Trans-Pacific Partnership (TPP) – Mexico

Mexico (2014)

GDP ($ billions): 1,415.9
GDP per capita ($): 11,827
GDP growth rate (%): 2.1
Consumers (millions): 119.7
Mexico's Main Imports: (from the world): Electric machinery; machinery and mechanical appliances/parts; vehicles; mineral fuel/oil; plastics and articles thereof

Canada's merchandise exports to Mexico (2012-2014 annual average) (value in millions of Canadian  dollars)
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Canada's merchandise exports to Mexico (2012-2014 annual average) (value in millions of Canadian dollars)

  • Agriculture and Agri-food (2,013.1)
  • Fish and Seafood Products (8.4)
  • Forestry Products (296.8)
  • Automobile Parts (1,271.6)
  • Iron and Steel Products (858.0)
  • Industrial Machinery (819.9)
  • Other Industrial Products (4,889.4)

As part of the North American Free Trade Agreement (NAFTA), Mexico is one of Canada’s closest commercial partners. From 2012 to 2014, Canada exported an annual average of $10.2 billion worth of merchandise to Mexico.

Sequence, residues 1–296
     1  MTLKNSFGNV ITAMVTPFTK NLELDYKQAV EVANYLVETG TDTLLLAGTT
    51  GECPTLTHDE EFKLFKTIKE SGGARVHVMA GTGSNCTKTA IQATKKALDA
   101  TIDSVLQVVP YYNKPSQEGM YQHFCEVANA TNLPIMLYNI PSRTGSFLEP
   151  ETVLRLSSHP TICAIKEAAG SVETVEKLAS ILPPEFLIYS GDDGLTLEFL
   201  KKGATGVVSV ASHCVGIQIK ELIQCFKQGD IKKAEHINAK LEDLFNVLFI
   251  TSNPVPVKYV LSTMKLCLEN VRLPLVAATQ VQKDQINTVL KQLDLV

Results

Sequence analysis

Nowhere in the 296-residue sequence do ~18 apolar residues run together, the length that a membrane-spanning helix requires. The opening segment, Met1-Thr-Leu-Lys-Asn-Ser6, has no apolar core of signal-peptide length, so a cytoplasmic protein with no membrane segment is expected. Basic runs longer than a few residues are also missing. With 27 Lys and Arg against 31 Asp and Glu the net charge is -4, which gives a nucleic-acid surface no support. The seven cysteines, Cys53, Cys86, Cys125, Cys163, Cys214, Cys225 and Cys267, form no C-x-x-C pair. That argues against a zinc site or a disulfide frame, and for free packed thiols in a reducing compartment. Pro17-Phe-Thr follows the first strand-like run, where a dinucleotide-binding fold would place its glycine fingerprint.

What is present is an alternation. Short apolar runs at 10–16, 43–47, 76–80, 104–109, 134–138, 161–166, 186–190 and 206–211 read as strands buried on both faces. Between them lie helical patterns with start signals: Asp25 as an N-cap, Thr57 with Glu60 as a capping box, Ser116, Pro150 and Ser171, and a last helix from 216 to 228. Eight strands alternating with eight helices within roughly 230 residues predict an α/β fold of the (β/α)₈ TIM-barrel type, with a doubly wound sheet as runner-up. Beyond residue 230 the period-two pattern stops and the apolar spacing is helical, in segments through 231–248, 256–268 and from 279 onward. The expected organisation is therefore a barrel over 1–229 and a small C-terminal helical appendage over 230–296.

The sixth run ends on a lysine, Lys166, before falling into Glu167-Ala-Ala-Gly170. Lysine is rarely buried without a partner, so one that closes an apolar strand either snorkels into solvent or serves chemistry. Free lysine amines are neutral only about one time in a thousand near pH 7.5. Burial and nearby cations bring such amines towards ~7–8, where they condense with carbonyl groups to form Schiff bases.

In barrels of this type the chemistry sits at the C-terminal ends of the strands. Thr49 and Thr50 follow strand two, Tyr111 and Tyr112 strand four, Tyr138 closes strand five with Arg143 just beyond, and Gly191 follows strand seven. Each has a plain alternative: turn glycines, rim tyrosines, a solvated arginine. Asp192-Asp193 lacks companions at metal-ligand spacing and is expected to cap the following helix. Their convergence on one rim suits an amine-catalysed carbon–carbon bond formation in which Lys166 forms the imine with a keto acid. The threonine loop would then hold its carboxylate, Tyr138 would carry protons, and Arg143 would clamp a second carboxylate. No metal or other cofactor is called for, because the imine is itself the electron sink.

Complementing Existing Preferential Access to Mexico

Under the NAFTA, Canada benefits from preferential market access into Mexico.

The TPP rules of origin reflect and support the integration of existing North American supply chains related to a wide-range of goods including autos and machinery.

These provisions will encourage Mexican producers to use Canadian ingredients, parts, and materials when producing goods that are exported preferentially to other countries under the TPP.

Canadian producers and processors that source inputs from Mexico will be able to continue to do so while benefiting from preferential access to other TPP countries.

Beyond Tariffs

The TPP will also enhance Canada’s service industry by providing new opportunities in the Mexican market in key sectors, by offering greater transparency and predictability.

Examples of key sectors that will be covered include professional services (e.g. legal services, and architectural and engineering services), computer and related services, and environmental services.

With regard to temporary entry of business persons, new commitments will make it easier for Canadian businesses to temporarily move certain categories of business persons to Mexico. These new commitments include enhanced access for business persons providing after-lease services, as well as certain highly-skilled Canadian professionals and technicians.

Furthermore, new commitments will allow spouses of certain Canadian business persons to work in Mexico.